Keywords: Acetate; Antibiotic medication; Butyrate; Propionate; Psychostimulant medication; Succinate.

Conflict of interest statement

Declaration of competing interest The authors have no competing interests in relation to the work described.

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. 2022 Jul 12;12(7):e060159.
doi: 10.1136/bmjopen-2021-060159.

Moderate-to-vigorous group aerobic exercise versus group leisure activities for mild-to-moderate depression in adolescents: study protocol for a multicentre randomised controlled trial

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Moderate-to-vigorous group aerobic exercise versus group leisure activities for mild-to-moderate depression in adolescents: study protocol for a multicentre randomised controlled trial

Rebecca Mortazavi et al. BMJ Open. .
Free PMC article

Abstract

Introduction: Depression is common, increasing among adolescents and carries risk of disability, lower educational achievements, cardiovascular disease, substance abuse, self-harm and suicide. The effects of evidence-based treatments with medication or psychotherapy are modest. Aerobic exercise is a promising intervention for adolescents with depression, but available studies are hampered by methodological shortcomings. This study aims to evaluate aerobic group exercise versus an active comparator of leisure group activities in adolescents from clinical services with mild-to-moderate depression.

Methods and analysis: This study is a multicentre randomised controlled trial at four psychiatric clinics in Sweden. Participants (n=122) will be randomised 1:1 to group exercise delivered by exercise professionals and supported by mental health (MH) workers or leisure activities lead by the same MH workers for 1 hour three times a week for 12 weeks. Participants will be assessed at baseline, single blind after 13 weeks and 26 weeks and openly after 1 year. Participants randomised to the leisure group will be offered exercise in the open phase. The primary outcome is clinician-rated Children's Depression Rating Scale-Revised. Secondary outcomes are self-rated Quick Inventory of Depressive Symptomatology, self-rated functioning; clinician-rated improvement and functioning; objectively measured aerobic capacity, muscular strength, muscular endurance, body composition and presence or activity of selected biological markers of neuroprotection and neuroinflammation in blood samples. Further outcomes are cost-effectiveness and adolescents', parents' and coaches' experiences of the interventions and an exploration of how the adolescents' health and lifestyle are influenced by the interventions through qualitative interviews.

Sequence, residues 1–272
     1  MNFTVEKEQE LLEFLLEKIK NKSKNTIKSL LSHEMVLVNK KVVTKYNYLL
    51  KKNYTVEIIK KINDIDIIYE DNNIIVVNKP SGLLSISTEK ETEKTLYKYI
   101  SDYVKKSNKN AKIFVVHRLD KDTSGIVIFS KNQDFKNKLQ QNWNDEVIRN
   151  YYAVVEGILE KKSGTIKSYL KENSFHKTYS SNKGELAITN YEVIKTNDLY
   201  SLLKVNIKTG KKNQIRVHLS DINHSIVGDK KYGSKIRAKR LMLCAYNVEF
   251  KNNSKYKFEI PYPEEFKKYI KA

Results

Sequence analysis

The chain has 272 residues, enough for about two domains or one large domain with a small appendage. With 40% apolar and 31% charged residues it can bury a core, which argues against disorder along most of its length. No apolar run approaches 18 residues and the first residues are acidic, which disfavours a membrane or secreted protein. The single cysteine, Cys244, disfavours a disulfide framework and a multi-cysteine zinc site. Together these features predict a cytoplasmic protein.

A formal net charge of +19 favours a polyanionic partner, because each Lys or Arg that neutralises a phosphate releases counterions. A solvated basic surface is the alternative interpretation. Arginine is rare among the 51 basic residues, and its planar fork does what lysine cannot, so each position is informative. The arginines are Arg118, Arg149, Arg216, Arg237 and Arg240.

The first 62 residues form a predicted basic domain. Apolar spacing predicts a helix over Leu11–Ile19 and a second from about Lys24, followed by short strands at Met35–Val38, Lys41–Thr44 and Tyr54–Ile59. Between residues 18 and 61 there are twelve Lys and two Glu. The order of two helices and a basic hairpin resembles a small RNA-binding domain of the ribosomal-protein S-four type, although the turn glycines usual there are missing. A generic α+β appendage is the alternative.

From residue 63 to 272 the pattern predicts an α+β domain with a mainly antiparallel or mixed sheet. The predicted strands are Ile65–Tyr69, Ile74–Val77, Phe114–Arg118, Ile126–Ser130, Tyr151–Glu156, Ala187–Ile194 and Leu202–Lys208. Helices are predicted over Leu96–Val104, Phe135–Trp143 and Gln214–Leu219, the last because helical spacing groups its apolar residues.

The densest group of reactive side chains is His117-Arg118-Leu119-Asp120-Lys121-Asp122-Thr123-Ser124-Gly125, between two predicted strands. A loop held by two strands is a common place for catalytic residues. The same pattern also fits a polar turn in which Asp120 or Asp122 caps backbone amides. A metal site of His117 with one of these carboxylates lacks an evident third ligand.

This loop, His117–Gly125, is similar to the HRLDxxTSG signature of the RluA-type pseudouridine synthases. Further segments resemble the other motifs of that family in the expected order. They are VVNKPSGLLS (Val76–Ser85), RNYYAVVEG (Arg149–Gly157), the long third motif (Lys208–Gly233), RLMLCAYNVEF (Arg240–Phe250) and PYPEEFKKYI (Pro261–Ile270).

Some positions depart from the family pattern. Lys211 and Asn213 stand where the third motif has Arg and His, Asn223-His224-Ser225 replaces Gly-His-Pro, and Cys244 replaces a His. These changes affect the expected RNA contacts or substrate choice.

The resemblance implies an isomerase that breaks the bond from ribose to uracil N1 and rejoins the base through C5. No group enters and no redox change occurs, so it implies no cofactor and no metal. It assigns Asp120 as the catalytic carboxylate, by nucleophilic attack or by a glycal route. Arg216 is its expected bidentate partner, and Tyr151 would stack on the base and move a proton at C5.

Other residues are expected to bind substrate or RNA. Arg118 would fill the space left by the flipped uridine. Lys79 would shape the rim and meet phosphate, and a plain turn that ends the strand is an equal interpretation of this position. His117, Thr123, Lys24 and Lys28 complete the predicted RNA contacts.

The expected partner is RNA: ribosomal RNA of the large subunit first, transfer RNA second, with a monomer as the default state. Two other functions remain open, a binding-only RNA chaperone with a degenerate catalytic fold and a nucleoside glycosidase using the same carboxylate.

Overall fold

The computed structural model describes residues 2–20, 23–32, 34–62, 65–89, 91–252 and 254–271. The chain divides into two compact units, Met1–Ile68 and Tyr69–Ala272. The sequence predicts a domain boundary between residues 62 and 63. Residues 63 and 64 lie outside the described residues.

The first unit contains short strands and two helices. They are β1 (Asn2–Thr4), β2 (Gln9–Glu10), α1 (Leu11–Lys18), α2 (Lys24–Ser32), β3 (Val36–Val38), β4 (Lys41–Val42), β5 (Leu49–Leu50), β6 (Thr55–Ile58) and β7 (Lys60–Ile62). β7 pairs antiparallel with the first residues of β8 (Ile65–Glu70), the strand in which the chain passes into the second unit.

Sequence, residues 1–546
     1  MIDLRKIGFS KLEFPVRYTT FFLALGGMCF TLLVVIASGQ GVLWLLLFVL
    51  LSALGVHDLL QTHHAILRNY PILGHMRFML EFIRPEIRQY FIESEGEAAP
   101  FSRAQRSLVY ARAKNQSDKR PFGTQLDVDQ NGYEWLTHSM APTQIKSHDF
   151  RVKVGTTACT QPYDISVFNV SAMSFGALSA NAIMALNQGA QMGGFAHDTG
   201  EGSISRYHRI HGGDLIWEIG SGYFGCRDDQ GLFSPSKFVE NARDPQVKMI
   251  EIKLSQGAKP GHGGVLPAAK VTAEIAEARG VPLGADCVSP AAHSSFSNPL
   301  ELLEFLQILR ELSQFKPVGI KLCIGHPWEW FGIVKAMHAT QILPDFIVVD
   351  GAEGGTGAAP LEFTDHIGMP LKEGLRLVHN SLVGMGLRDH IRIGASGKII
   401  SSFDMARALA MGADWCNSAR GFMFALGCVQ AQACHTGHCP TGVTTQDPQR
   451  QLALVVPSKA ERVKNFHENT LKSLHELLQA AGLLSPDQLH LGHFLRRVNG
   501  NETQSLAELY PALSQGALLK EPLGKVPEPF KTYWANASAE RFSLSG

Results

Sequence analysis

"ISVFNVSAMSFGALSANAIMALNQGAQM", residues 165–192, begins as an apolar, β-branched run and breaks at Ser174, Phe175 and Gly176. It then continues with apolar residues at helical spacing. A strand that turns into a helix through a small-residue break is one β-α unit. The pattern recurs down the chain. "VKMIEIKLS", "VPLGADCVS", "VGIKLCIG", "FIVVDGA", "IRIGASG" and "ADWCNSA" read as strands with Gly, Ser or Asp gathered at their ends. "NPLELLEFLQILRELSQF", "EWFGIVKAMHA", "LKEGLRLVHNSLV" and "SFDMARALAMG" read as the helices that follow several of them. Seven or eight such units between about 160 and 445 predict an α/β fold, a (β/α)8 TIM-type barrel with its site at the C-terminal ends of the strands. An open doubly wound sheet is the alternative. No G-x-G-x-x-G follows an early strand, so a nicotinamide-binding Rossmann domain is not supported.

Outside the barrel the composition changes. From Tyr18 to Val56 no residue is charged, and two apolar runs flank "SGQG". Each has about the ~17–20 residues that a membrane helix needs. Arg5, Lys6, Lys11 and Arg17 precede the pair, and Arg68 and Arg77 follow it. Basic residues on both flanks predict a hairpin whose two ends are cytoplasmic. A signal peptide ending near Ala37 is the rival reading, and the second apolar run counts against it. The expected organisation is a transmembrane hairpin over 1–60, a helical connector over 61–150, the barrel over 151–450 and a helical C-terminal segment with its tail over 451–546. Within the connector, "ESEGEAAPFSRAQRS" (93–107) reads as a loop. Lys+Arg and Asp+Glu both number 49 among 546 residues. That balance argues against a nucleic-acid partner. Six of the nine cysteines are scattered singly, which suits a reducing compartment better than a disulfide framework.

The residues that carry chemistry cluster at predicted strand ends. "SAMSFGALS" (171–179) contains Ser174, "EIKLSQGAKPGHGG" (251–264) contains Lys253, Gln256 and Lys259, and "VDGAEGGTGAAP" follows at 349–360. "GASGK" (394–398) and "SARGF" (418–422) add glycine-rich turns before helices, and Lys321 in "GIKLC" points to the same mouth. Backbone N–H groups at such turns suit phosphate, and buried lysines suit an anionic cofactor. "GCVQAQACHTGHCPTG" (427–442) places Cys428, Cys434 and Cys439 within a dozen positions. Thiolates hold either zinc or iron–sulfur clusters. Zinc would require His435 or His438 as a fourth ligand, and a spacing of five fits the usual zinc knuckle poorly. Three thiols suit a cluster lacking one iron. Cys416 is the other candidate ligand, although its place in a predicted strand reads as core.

Ethics and dissemination: The study is approved by the Swedish Ethical Review Authority (Ref. 2021-05307-01). Informed consent in writing will be provided from patients and parents of participants below 15 years of age. The results of this study will be communicated to the included participants and healthcare providers and also submitted for publication in peer-reviewed journals.

Trial registration number: NCT05076214.

Keywords: Child & adolescent psychiatry; Clinical trials; Depression & mood disorders; HEALTH ECONOMICS; QUALITATIVE RESEARCH.

Conflict of interest statement

Competing interests: None declared.

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. 2022 May 30;23(1):516.
doi: 10.1186/s12891-022-05470-y.

Evaluation of implementation and effectiveness of neck-specific exercise for persistent disability and pain after whiplash injury: study protocol for a randomized controlled study using a hybrid 2 design

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Evaluation of implementation and effectiveness of neck-specific exercise for persistent disability and pain after whiplash injury: study protocol for a randomized controlled study using a hybrid 2 design

Gunnel Peterson et al. BMC Musculoskelet Disord. .
Free PMC article

Abstract

Background: Persistent pain and disability in whiplash-associated disorders (WAD) grades II and III are common. In two randomized controlled trials (RCTs) of neck-specific exercises (NSE), we have seen promising results in chronic WAD, with a sustained clinically important reduction in pain and disability. NSE can also be delivered through internet support (NSEIT) and a few visits to a physiotherapist, saving time and cost for both patients and providers. NSE have been shown to have positive effects in other neck pain disorders and we will evaluate the diffusion of the exercises to other patients. The aims of the proposed study are to evaluate an implementation strategy for NSEIT and NSE in primary health care and to evaluate the effectiveness of NSEIT and NSE in clinical practice.